In partnership with the Association of Black Cardiologists, a panel of experts discuss the latest issues and treatments for Black people and heart disease during the virtual State of Black Health Summit.
Dr. Gigi: The heart is not just a muscle. Can you provide a basic 101 education about the heart and what is heart disease?
Dr. Reginald Robinson: We can start by calling it the ABCs of heart disease. You can also add the D. The A is atherosclerosis or a plaque buildup in the heart, aneurysms, and sleep apnea. The B is for blood pressure, which is the most impactful medical condition to affect, in particular the African American population. When we move to the C, think about cholesterol, and congestive heart failure, and finally D, which most people don’t think about as a cardiovascular disease, is diabetes. We consider it a cardiovascular risk equivalent, and if you have diabetes, that’s just like having heart disease. Add in poor circulation which is called peripheral Arterial disease and it’s like a tree. If you have disease in the roots of the tree, you probably have it elsewhere. And that’s one way of looking at your cardiovascular health. If you have a stroke, you’re at higher risk of having a heart attack. If you have peripheral Arterial disease, you’re at higher risk of having a heart attack or a stroke. So it encompasses all of those different things. And more.
What is your organization and what is the role it plays between the patient and the healthcare provider?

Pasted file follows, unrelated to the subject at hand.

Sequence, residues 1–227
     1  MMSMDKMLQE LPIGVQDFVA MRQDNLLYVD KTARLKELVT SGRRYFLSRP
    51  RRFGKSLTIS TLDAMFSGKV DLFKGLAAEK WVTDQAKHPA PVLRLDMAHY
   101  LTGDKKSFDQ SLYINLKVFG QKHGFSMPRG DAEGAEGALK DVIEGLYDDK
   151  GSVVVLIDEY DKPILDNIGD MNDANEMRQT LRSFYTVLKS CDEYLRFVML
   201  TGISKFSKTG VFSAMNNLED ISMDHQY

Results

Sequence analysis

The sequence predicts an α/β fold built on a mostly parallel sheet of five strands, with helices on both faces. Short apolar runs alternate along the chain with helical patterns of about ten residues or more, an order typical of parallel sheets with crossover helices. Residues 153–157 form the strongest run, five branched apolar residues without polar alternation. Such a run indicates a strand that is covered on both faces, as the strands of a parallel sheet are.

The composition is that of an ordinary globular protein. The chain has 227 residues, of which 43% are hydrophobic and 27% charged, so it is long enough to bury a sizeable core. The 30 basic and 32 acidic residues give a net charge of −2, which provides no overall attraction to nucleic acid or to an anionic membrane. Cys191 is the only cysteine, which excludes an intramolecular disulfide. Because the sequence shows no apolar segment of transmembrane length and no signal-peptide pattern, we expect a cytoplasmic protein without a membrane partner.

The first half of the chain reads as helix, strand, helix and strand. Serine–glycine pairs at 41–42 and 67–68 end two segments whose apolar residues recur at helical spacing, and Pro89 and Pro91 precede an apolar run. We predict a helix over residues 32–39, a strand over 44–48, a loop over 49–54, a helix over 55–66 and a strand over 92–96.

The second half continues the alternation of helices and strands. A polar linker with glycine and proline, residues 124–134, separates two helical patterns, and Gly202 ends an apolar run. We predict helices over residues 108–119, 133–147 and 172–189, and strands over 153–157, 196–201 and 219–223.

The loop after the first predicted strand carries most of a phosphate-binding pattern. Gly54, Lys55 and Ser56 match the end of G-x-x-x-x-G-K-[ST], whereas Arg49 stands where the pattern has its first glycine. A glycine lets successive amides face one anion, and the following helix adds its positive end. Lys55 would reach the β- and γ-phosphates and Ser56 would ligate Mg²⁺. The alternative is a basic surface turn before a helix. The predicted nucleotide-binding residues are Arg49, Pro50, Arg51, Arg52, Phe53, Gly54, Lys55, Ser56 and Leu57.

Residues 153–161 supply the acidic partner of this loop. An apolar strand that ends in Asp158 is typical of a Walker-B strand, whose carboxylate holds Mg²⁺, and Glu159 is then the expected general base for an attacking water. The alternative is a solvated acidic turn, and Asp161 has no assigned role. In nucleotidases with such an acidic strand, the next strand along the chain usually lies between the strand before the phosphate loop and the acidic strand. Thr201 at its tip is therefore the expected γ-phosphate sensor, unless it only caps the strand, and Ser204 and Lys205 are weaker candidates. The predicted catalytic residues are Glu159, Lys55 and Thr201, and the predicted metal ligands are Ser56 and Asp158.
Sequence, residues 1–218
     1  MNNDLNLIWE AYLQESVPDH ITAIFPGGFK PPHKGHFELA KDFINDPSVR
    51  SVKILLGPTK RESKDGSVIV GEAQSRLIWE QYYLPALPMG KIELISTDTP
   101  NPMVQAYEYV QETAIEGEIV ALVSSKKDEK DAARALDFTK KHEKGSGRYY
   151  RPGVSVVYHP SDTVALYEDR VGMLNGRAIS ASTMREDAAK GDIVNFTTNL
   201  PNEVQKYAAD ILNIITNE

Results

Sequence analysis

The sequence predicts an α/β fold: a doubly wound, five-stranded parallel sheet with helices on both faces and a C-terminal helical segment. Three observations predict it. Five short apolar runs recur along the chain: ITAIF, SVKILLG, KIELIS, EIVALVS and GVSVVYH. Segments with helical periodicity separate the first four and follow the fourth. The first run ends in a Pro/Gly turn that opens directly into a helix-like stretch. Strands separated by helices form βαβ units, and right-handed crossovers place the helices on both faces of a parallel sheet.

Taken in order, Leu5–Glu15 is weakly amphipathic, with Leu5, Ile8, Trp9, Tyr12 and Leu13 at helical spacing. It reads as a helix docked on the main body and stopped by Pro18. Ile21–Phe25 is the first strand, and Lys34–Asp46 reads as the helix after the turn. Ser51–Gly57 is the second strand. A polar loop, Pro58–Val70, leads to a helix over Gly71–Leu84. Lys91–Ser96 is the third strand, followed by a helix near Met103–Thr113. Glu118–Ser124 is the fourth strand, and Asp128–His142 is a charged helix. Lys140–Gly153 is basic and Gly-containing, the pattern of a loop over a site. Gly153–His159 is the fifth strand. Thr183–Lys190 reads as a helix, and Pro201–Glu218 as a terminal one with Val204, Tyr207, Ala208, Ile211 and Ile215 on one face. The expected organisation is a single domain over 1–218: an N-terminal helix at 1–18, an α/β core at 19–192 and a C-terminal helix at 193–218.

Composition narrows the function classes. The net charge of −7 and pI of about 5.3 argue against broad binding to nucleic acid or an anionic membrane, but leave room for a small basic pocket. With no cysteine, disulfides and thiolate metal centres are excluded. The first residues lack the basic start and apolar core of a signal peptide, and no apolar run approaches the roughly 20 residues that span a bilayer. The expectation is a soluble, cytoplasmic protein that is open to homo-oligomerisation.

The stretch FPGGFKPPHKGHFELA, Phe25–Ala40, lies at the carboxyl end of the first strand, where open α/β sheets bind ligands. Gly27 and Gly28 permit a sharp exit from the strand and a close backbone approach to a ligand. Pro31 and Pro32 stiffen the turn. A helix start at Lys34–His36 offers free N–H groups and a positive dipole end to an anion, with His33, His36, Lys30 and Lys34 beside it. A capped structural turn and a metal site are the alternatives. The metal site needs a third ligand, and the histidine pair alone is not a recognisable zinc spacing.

Celina Gorre, CEO Womenheart: The number one thing that we at Womenheart do is to enable women to be their own best advocates. And that’s easier said than done. I think that what Womenheart does and does really well, is it provides women information like how different the symptoms may be in women who are experiencing heart conditions. We encourage women to
hold our healthcare providers accountable for all the processes of running all of the battery of tests. Including running a complete cardiac workup. The second thing that Womenheart does really, really well is provide other women who are going through their heart journeys, a community of women who’ve gone through it, just like they have. It turns out that that’s really, really critical in their journey from surviving a heart attack, to thriving with heart disease. And that’s the journey that we at Womenheart really love to support women through.
Theory says, eat right, exercise, you know, TLC, total lifestyle change.. How does that lifestyle change look and how does that play out in real life? And how did you find the support to be able to make that lifestyle change, to stay healthy and keep moving forward?
Dr. Carter-Williams: It is a challenge because if you’ve been doing something for so long, you’ve formed a habit. You have to break a habit. It’s really mindset, and the willingness to live. I joined a program called cardiac fit where there is a nurse practitioner there that I talk to on a weekly basis to make sure that I’m monitoring my blood pressure and any changes in heart. It also helps to have those conversations on a weekly basis. Hey, what are you eating today? What have you been eating this week? And then also admitting that sometimes I have bad weeks. FInd groups like Womenheart and American Heart Association to participate in and be really active with them. Have those open conversations about not only what you eat, but family history, and daily activity.
There are other physicians that offer input and information about heart health on this facebook live discussion. Click the link to hear more.